Every week in The Kiddy Pool, Erin Newcomb confronts one of many issues that parents must deal with related to popular culture.
I love swimming with my elder daughter. We are members of the local YMCA and use the pool regularly. Sometimes we swim in lanes if there is a vacancy, because my daughter admires the swimmers who wear “special glasses and hats” while they swim underwater. Sometimes she plays on the ramp, creating imaginary houses and gardens while she fills and refills a plastic watering can. Sometimes she glides around the pool with a kick board or rides on a noodle that we pretend is a seahorse. With my toddler, the possibilities are endless, and she sees the pool as yet another space to cultivate her imagination. This is one of the traits that I understand and love best about her, so the swimming pool has become a place for us to relax in the water and exercise our imaginations together.
It’s obvious to me that my daughter loves these outings, so it surprised me this week when a swimmer whom we see frequently asked me if she was enjoying herself. “She’s not smiling,” the woman said when I assured her that we were both having fun. No, I thought, she’s not smiling because a stranger is nearby. A few minutes earlier she was cracking up on her “seahorse,” but, overall, my older child is not the smiley-happy sort. I don’t find that unusual, since her dad and I are not that way either, and, in our family, it’s the second baby, the mellow one who smiles easily who seems like the oddball. Since birth, my toddler has exhibited all the traits that characterize introversion; she is cautious, reserved, observant. She is also a happy child, though that’s not something she’s likely to exhibit amongst strangers or when she feels like she’s on display. What surprises me, again and again, is the expectation of grown-ups that children, simply by virtue of being children, owe them smiles and high fives.
These kinds of interactions bring to my mind Susan Cain’s 2012 book Quiet: The Power of Introverts in a World that Can’t Stop Talking. The prevailing mainstream mentality is that wanting to be by oneself sometimes (or a lot) is selfish, anti-social, and ultimately broken. Yet Cain’s Quiet argues precisely the opposite. Throughout her text, Cain asserts that critical traits like creativity, exceptional achievement in any field (from technology to the arts to athletics), and ethical-decision making require working alone. It is in the intensely thoughtful, sometimes obsessive ruminations of introverts that the brightest ideas often occur—not in the ubiquitous group work that Cain says produces lots of ideas but few brilliant ones. Introverts and extroverts alike need to balance group interactions with time alone, a dualism known throughout monastic history as the active and contemplative lives.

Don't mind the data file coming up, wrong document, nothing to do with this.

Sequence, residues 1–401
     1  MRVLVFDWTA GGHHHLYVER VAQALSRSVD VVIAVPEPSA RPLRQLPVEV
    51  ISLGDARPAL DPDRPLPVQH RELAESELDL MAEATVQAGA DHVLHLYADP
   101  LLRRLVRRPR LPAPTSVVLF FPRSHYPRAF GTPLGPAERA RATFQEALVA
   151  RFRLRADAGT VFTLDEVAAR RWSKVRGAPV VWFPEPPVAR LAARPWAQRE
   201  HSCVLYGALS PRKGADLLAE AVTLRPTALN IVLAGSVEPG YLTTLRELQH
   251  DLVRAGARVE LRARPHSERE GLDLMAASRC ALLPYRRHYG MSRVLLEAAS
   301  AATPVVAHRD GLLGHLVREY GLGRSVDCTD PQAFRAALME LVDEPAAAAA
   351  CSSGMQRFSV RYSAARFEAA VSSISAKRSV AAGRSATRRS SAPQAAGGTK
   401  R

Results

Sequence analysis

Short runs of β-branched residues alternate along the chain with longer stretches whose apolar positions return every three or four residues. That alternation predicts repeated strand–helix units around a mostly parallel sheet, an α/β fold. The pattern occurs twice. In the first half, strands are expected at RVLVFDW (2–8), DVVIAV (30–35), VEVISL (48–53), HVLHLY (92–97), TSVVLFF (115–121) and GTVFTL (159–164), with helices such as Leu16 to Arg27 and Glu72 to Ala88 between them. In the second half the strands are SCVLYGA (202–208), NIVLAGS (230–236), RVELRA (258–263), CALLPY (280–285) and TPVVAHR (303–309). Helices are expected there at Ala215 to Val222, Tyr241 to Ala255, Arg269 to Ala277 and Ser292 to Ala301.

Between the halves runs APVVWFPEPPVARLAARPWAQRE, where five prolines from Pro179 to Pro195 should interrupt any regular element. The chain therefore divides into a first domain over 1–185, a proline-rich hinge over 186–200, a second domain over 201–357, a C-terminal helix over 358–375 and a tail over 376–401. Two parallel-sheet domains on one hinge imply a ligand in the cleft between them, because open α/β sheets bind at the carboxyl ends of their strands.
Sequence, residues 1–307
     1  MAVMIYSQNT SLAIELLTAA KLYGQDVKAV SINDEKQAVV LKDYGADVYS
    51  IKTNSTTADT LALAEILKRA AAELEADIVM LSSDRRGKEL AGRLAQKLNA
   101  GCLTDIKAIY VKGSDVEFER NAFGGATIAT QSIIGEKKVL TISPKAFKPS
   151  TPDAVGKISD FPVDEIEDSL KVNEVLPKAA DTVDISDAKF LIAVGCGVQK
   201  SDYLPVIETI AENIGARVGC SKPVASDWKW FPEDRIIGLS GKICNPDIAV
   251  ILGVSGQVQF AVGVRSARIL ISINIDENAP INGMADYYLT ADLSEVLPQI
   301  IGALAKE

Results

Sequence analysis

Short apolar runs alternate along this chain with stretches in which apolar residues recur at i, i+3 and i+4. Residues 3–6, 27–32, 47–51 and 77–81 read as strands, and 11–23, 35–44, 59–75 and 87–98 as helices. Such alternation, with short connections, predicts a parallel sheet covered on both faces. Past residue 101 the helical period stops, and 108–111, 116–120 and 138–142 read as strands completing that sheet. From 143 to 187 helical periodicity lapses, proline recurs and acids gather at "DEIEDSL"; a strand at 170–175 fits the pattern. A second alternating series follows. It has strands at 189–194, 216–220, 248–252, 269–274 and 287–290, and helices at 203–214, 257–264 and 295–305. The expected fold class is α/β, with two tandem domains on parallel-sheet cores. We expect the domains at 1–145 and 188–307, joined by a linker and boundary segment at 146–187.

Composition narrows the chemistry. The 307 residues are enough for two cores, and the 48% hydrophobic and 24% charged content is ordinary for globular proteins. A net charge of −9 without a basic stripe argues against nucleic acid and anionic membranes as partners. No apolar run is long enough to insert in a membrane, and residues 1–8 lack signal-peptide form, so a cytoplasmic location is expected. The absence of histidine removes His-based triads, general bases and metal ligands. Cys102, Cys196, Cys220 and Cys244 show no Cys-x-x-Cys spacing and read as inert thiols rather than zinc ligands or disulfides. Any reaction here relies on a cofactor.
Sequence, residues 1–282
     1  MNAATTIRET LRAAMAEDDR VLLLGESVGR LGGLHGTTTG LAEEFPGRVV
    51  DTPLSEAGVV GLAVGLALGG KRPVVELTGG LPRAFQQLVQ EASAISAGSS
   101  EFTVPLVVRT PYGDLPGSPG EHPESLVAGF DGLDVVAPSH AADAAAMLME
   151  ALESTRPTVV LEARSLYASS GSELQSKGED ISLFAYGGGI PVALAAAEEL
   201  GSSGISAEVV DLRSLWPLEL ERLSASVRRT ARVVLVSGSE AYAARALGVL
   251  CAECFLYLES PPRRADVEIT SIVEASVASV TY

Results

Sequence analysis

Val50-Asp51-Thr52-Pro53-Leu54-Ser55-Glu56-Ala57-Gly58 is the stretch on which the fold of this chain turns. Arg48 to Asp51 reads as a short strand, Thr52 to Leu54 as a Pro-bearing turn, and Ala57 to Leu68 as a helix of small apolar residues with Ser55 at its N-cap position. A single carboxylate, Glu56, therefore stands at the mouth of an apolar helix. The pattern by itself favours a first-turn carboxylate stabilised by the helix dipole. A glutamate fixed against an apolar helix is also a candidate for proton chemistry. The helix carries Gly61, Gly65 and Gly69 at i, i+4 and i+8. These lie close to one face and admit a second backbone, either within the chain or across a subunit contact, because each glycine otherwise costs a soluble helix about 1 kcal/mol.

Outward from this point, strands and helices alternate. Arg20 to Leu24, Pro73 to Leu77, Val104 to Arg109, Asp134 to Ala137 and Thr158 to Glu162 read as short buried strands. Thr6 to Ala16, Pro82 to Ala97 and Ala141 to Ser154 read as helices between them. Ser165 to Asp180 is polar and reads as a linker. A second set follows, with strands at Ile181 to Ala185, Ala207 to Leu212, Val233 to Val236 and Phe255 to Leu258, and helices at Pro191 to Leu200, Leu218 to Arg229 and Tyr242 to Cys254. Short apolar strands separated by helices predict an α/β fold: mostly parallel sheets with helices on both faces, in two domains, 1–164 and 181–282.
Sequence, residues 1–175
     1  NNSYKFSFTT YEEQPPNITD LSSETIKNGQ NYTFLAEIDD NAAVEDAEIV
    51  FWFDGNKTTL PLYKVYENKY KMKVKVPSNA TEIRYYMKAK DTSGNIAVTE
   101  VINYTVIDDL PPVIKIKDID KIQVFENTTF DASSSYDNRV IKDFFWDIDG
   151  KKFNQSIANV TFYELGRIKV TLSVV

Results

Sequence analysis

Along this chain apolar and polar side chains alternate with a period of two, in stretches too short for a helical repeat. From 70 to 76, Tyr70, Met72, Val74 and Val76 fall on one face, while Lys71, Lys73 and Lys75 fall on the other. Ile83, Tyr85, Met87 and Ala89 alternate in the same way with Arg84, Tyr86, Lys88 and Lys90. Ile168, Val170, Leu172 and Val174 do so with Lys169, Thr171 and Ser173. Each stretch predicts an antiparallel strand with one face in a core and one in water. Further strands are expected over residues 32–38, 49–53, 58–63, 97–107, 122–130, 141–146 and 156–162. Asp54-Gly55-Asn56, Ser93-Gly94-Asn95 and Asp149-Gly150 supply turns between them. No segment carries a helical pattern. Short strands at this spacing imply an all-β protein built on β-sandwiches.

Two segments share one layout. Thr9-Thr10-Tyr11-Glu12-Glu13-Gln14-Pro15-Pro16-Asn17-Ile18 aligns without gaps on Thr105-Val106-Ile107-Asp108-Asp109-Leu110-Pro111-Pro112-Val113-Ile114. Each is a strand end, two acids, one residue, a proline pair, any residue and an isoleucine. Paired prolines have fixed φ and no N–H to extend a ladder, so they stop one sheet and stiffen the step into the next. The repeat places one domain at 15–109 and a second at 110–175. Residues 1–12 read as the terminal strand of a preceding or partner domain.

Introverts certainly don’t corner the market on creativity, achievement, or ethics, but our culture is so skewed toward extroversion that the belief in group power prevails even as it fails. Cain marks the early 20th century as the cultural shift toward the extroverted ideal; she claims that U.S. society moved from a “culture of character” to a “culture of personality.” The former is characterized by “citizenship, duty, work, golden deeds, honor, reputation, morals, manners , integrity” and the latter by descriptors like “magnetic, fascinating, stunning, attractive, glowing, dominating, forceful, energetic” (21–24). I can’t help but feel like the “culture of personality” exists only on the surface. Both introverts and extroverts run deeper than a superficial personality, but it’s intimacy that teaches us about the depths of relationships—no matter how smiley the outer façade may be.
It’s my job to teach my daughter friendliness, social graces the illustrate consideration for others, but as I strive to teach her virtuous behavior, I’m conscious of the distinction between appearing considerate and actually being considerate. Lots of smiling and a “big” personality are superficial indicators that may or may not reflect the heart’s feelings for others. For extroverts and introverts alike, it’s not the exterior that matters but the interior, the heart from which true feelings flow regardless of the accompanying expression. Cain’s book talks about the necessity of “restorative niches” for introverts—spaces (sometimes within one’s own imagination) carved out for solace and reflection from the fast-paced, extroverted culture. The phrase reminds me of how frequently Christ withdrew from crowds to be alone, to meditate and pray and reflect in ways impossible within a large group. Like Christ, the children of God need to move between those two spaces of action and contemplation, extroversion and introversion, but some of us, no matter how joy-filled our hearts, just aren’t going to smile about it much.